Tuesday, August 20, 2013

Nimo's Feet

So I've decided to start trimming my horse's feet on my own.  Because I know very little about the subject, I've been doing some research, and I can see that there is a lot of conflicting information out there and that I'm going to have to pick a methodology and try it to see how it works for Nimo.  The methodology I've selected belongs to Maureen Tierney.  She's got a website:  http://barefoottrimming.com/.  The information provides a compliment to her book, Natural Barefoot Trimming: The Hoof Guided Method.  I'm still in the information assimilation stage, so I don't have a lot to say at this point except that what she says makes sense to me.  Her advice is to try to simulate how nature would wear the hoof if the horse was wild, but also to give the hoof space to essentially tell you what is going on and what it needs for a trim.

I will say that because Nimo has never had shoes on, I've been a little frustrated with all the barefoot trimming information I've found.  There seems to be an assumption that readers either currently shoe their horses and want to take the shoes off or recently took the shoes off.  What would be more helpful is how to handle a horse that has always been barefoot.  I say this in particular because after I took some pictures of Nimo's feet, I realized that maybe they weren't quite as fantastic as all my farriers have been telling me.  I'm not saying there are huge or serious issues, but as you'll see below, the frogs on the front feet are not quite as healthy as they should be and there is some definite flare going on for all 4 feet.  (And it's entirely possible there are other things going on that I don't see right now because I'm still new to this level of evaluation of my horse's feet.)  I'm actually kind of bitter right now because I'm realizing that I should have been paying more attention to Nimo's feet than I have been, and it appears that the trims he's been getting may not have been exactly what he needed.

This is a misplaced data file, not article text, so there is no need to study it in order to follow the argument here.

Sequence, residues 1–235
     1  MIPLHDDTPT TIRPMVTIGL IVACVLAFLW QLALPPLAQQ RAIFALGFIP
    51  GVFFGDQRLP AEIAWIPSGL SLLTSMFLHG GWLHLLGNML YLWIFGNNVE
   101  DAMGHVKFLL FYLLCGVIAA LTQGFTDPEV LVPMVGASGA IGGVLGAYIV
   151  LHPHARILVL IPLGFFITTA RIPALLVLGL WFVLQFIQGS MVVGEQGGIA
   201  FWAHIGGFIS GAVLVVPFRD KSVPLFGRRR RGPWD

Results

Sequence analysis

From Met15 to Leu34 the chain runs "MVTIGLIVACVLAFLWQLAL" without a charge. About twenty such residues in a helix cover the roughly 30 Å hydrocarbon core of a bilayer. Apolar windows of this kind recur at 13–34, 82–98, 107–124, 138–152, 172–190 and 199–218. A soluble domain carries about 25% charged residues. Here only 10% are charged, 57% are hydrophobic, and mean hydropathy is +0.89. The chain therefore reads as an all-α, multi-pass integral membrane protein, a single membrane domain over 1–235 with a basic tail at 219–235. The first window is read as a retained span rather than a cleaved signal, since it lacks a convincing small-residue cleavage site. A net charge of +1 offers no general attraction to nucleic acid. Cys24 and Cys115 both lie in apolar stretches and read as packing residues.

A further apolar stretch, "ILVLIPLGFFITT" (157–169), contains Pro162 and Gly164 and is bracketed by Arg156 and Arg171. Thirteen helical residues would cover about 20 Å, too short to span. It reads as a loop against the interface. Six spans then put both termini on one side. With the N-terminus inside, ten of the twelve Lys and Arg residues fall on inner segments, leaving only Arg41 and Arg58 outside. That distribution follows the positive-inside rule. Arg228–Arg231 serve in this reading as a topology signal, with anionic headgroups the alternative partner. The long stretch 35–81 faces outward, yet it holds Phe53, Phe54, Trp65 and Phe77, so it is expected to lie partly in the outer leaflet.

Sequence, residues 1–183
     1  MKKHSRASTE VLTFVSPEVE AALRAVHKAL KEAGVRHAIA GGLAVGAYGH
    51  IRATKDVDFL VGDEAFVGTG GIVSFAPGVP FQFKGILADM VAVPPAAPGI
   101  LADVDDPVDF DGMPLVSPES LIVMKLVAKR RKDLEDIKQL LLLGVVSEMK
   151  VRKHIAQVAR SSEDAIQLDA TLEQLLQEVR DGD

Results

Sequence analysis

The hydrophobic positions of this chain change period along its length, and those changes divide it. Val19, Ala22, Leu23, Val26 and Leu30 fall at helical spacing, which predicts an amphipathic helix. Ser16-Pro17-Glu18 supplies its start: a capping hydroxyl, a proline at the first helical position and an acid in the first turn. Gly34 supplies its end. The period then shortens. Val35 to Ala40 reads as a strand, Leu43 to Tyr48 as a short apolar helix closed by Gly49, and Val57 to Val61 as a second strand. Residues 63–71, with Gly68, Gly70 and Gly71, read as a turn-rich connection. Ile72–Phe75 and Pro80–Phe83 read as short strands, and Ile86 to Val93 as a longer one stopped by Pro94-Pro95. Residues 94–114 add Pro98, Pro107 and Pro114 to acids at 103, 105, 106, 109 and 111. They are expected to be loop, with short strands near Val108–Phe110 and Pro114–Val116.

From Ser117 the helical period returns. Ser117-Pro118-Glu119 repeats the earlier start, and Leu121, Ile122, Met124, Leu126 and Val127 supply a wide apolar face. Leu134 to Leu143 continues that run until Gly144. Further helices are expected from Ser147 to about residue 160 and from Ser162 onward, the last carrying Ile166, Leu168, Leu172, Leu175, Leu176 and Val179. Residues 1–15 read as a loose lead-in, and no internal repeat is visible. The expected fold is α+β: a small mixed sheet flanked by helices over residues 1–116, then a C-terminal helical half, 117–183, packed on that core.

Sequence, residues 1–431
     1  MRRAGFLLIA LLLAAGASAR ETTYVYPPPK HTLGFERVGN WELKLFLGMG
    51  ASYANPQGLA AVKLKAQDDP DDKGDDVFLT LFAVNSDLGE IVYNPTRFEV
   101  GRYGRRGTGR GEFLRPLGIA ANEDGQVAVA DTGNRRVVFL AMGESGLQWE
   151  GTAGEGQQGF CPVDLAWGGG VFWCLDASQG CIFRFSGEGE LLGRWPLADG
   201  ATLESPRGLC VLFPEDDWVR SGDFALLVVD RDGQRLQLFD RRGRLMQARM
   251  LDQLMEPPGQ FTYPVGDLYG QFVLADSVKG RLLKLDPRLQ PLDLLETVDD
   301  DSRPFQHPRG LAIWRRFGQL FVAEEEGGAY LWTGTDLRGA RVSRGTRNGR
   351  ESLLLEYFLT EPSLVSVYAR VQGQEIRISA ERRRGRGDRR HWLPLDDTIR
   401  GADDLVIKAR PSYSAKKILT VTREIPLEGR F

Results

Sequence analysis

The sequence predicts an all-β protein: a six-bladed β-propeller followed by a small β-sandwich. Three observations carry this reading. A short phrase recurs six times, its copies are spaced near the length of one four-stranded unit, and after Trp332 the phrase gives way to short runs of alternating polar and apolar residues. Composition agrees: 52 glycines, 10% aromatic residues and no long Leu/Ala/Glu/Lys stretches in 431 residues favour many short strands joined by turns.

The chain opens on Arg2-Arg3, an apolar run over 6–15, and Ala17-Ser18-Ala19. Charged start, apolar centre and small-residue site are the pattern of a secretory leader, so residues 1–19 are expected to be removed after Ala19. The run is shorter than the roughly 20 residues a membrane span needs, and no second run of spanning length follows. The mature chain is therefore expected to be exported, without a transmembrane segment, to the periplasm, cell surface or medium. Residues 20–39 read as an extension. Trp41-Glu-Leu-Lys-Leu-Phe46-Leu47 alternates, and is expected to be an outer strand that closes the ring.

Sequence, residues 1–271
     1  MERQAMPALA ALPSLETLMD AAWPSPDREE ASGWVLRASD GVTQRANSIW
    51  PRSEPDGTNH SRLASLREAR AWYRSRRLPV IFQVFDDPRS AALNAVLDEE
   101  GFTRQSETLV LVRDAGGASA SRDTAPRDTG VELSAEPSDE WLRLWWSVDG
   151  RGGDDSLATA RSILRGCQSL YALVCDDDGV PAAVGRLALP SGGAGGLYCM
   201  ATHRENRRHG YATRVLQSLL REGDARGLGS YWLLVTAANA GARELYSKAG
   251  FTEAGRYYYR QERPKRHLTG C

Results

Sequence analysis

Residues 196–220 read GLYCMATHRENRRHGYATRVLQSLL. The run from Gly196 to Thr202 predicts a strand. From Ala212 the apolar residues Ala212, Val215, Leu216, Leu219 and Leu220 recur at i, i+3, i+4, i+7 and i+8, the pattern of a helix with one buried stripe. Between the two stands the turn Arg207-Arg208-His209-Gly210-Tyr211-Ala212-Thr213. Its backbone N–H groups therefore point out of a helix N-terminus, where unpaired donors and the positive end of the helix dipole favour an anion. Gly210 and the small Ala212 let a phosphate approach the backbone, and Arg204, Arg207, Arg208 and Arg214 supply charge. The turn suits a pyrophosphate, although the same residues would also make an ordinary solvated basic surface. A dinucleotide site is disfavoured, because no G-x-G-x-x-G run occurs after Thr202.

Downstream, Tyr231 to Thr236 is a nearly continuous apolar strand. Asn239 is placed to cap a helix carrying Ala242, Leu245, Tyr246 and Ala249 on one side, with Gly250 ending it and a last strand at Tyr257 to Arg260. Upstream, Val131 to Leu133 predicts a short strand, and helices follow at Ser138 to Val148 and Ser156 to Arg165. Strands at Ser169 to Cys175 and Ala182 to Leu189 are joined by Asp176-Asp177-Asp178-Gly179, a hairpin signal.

I also discovered that it isn't that easy to take good pictures of hooves, especially if the horse is not interested in standing still or holding his foot just right.  While Nimo is normally pretty easy to work with, he was behaving like a complete idiot when I was trying to take these pictures, nearly resulting in me beating him to death with a hoof file.  So, my pictures could use some improvement, but at least I got something to give me a reference point.  Below are the front pictures of all 4 feet.  You'll see the flare that I mentioned.  It's not horrifying, but it was a surprise to me because I literally never noticed it until I took the pictures.  Also, his left hind is not quite as wonky as it looks.  I was off-center with the picture.  And, the hind feet are untouched at this point, but I had previously done a little rasping on the front feet to clean up some minor chips that were driving me crazy.


Next, here are the pictures of the bottoms of his hooves.  Overall, I think these look pretty decent (although they are all tilted one way or other - it's hard to hold a giant hoof and a giant camera at the same time!).  I do see some asymmetry on the outside of the both hind feet and the frogs of both front feet were a little softer than I like.